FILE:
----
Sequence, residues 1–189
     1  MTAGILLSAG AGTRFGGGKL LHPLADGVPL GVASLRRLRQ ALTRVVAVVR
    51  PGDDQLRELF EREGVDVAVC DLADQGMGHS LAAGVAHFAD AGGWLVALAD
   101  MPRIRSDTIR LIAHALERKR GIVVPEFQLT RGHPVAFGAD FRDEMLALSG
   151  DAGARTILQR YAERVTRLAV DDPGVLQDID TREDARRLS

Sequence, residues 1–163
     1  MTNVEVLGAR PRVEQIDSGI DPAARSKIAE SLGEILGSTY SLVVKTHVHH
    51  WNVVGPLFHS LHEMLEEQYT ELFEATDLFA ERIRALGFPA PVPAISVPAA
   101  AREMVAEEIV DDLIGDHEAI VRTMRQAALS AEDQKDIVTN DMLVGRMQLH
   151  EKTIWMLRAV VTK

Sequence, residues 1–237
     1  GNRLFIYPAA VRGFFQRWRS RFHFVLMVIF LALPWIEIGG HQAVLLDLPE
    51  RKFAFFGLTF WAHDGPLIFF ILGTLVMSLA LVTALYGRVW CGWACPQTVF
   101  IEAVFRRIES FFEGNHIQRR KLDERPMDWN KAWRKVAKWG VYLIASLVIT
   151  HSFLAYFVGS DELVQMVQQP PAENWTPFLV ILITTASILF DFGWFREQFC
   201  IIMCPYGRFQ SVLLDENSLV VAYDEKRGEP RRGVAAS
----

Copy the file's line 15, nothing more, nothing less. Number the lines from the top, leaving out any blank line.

   151  HSFLAYFVGS DELVQMVQQP PAENWTPFLV ILITTASILF DFGWFREQFC